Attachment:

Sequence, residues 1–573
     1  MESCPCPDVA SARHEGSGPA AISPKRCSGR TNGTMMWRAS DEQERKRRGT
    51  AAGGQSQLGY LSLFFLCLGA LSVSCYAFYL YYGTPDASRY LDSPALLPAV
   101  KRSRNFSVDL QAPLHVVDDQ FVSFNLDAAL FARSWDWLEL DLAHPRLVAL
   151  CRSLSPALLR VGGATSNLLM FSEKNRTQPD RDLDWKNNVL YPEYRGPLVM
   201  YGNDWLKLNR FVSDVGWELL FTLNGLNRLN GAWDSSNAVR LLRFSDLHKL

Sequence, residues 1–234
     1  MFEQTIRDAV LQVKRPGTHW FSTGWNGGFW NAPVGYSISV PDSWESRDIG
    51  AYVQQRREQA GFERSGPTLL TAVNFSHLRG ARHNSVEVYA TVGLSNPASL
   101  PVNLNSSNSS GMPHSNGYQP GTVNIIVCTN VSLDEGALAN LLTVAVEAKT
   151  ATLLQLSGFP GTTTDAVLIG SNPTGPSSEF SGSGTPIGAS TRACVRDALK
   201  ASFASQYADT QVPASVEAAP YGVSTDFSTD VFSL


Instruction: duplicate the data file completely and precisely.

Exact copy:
Sequence, residues 1–573
     1  MESCPCPDVA SARHEGSGPA AISPKRCSGR TNGTMMWRAS DEQERKRRGT
    51  AAGGQSQLGY LSLFFLCLGA LSVSCYAFYL YYGTPDASRY LDSPALLPAV
   101  KRSRNFSVDL QAPLHVVDDQ FVSFNLDAAL FARSWDWLEL DLAHPRLVAL
   151  CRSLSPALLR VGGATSNLLM FSEKNRTQPD RDLDWKNNVL YPEYRGPLVM
   201  YGNDWLKLNR FVSDVGWELL FTLNGLNRLN GAWDSSNAVR LLRFSDLHKL

Sequence, residues 1–234
     1  MFEQTIRDAV LQVKRPGTHW FSTGWNGGFW NAPVGYSISV PDSWESRDIG
    51  AYVQQRREQA GFERSGPTLL TAVNFSHLRG ARHNSVEVYA TVGLSNPASL
   101  PVNLNSSNSS GMPHSNGYQP GTVNIIVCTN VSLDEGALAN LLTVAVEAKT
   151  ATLLQLSGFP GTTTDAVLIG SNPTGPSSEF SGSGTPIGAS TRACVRDALK
   201  ASFASQYADT QVPASVEAAP YGVSTDFSTD VFSL